‘Trust must be rebuilt with Afghanistan’
June 23 2019 01:43 AM
Afghan delegates with Foreign Minister Qureshi ahead of a peace conference in Punjab’s Bhurban town.

Reuters/Internews Islamabad

Foreign Minister Shah Mahmood Qureshi has called for trust to be rebuilt between Islamabad and Kabul as Pakistan began a new initiative to bolster a faltering peace process aiming to end Afghanistan’s lengthy civil war.
Pakistan hosted yesterday a conference to bring together more than 50 Afghan leaders, including politicians and tribal elders, but there were no representatives of the Afghan Taliban militants, who have been fighting for years to expel foreign forces and defeat the US-backed government in Kabul.
Relations between Afghanistan and Pakistan have been strained in recent years amid long-standing allegations by Kabul and Washington that Pakistan has been sheltering the Taliban militants since US-led forces removed them from power in 2001, something Islamabad denies.
Pakistan says its influence over the Taliban has waned over the years.
The US has been pushing Pakistan to use its influence with the Taliban to open direct negotiations with the Kabul government, which the Taliban regard as an illegitimate foreign-imposed regime.
Addressing the inaugural session of the Afghanistan Peace Conference, titled the “Lahore Process”, in Punjab’s Bhurban town, Qureshi said a peaceful and prosperous Afghanistan is in the interest of the region.
The minister said that Islamabad wants a negotiated peace settlement between all sides, as he said Pakistan continues to suffer security problems due to instability in Afghanistan.
“We wish to see a friendly Afghanistan, governed by an elected leadership, representative of the aspirations of all Afghans,” he said.
“For far too long, the vicious circle of mistrust, often fed into by our common enemies, has affected our relationship. The blame-game has not helped either of us,” Qureshi said, according to his speech notes released by the foreign ministry.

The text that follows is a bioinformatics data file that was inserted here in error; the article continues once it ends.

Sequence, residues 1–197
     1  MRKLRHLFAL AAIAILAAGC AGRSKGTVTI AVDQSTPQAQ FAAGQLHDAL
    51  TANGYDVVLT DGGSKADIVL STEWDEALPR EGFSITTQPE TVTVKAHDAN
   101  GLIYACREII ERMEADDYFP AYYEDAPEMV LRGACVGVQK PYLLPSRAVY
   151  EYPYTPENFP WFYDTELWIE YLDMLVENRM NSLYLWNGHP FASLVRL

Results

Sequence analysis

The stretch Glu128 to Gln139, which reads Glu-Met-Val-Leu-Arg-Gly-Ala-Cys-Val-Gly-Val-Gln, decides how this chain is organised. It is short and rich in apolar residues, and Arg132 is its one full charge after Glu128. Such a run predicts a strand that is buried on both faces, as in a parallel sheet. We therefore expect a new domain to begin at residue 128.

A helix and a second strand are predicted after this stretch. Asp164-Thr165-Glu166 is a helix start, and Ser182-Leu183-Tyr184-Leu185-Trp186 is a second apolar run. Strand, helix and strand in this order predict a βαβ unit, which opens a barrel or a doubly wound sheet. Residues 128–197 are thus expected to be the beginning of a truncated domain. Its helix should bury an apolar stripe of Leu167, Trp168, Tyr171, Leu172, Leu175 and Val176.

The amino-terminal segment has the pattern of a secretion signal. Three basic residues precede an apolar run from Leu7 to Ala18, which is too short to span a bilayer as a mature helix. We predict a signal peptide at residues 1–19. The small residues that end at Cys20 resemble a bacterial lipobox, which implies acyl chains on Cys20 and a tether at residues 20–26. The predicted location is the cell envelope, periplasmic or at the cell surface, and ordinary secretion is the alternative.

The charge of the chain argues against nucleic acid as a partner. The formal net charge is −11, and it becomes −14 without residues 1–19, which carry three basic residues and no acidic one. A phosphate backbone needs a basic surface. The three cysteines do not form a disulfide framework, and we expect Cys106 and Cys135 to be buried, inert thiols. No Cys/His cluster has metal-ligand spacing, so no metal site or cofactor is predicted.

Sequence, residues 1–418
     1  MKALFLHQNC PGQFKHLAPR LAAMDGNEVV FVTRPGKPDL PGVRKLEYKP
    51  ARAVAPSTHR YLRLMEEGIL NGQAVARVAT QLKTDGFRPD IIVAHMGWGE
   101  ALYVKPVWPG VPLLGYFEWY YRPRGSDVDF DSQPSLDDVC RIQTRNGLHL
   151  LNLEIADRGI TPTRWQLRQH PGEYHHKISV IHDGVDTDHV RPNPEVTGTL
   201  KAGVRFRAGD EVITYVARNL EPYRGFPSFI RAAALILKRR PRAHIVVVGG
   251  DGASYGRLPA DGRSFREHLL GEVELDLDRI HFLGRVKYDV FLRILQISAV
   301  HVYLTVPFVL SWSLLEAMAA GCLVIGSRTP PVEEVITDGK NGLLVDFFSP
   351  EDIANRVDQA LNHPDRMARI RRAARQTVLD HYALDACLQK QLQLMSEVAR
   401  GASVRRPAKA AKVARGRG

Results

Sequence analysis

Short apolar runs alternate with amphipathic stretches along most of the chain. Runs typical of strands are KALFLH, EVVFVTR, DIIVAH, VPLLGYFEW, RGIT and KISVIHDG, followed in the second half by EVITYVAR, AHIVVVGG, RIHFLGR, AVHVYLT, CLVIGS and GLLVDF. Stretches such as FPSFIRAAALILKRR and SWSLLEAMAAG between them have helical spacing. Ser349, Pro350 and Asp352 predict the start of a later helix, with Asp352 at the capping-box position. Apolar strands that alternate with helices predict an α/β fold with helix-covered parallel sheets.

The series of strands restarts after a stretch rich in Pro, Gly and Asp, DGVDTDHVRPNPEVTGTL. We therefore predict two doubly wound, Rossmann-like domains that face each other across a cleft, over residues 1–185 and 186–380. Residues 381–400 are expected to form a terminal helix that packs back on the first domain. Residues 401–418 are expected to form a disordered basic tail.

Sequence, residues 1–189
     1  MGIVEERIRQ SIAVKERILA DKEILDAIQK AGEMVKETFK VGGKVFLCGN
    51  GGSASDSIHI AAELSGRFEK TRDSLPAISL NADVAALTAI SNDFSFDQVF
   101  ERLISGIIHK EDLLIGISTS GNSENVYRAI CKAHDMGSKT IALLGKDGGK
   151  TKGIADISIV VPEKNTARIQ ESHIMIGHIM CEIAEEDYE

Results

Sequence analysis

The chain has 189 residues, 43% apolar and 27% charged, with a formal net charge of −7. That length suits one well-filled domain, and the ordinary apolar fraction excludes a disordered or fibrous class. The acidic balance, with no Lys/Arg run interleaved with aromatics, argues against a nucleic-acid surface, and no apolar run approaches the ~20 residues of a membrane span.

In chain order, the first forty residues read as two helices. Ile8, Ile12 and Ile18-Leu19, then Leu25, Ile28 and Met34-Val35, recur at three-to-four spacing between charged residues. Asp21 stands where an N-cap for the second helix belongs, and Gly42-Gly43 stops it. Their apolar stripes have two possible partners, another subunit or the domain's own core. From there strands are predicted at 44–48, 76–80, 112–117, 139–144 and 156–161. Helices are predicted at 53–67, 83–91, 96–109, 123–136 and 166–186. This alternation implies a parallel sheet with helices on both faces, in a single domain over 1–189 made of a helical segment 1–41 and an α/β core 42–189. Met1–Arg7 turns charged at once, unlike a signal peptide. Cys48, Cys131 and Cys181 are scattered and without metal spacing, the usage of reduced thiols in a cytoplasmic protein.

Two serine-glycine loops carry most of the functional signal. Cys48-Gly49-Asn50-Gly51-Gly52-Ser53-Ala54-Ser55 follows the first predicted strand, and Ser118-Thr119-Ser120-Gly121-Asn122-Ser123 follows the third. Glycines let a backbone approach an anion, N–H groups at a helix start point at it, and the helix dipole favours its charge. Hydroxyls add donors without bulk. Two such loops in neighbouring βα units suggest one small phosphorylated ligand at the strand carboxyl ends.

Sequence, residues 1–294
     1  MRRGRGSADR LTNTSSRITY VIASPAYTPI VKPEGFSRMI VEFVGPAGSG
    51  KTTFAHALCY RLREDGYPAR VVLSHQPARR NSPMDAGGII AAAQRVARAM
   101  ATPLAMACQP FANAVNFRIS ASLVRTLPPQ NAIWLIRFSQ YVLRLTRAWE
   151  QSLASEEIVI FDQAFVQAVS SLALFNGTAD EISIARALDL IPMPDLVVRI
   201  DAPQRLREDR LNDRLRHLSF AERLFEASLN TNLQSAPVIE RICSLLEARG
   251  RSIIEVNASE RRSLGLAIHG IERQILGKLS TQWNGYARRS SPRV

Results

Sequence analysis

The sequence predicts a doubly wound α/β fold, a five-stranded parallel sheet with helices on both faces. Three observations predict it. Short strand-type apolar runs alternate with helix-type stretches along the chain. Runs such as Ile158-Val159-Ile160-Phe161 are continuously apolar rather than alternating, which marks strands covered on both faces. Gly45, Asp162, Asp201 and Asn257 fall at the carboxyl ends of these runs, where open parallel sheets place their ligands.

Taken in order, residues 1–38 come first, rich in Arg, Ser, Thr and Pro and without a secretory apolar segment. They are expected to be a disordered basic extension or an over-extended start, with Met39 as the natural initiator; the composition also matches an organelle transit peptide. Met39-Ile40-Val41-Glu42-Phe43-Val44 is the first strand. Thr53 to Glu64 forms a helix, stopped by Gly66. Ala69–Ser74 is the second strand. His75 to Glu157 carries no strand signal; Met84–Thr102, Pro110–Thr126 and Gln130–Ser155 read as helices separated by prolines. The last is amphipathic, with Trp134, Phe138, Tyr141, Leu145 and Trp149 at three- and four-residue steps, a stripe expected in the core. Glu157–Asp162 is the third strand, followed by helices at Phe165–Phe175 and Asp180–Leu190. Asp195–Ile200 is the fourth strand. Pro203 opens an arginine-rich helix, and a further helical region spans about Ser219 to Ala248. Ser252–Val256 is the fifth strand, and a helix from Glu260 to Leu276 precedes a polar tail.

“It is indispensable to move away from this negative paradigm. It is incumbent upon the leadership of the two countries to take practical steps to build mutual trust and confidence,” the minister said.
“The two countries must not allow their respective territories to be used by anyone to the detriment of our interests. Pakistan and Afghanistan have the same objective of long-term peace and prosperity in Afghanistan and the region,” he added.
Among the delegates is former Afghan warlord Gulbuddin Hekmatyar, who earlier this year announced plans to contest the delayed presidential elections.
Senators and members of Afghanistan’s parliament were also there, according to Pakistani English-language Dawn newspaper.
Afghan President Ashraf Ghani is due to visit Pakistan next week, where he is expected to meet top Pakistani civilian and military leaders in talks set to focus on the Afghanistan peace process.
On Thursday China said that it had recently played host to a Taliban delegation as part of efforts to promote peace and reconciliation in Afghanistan.

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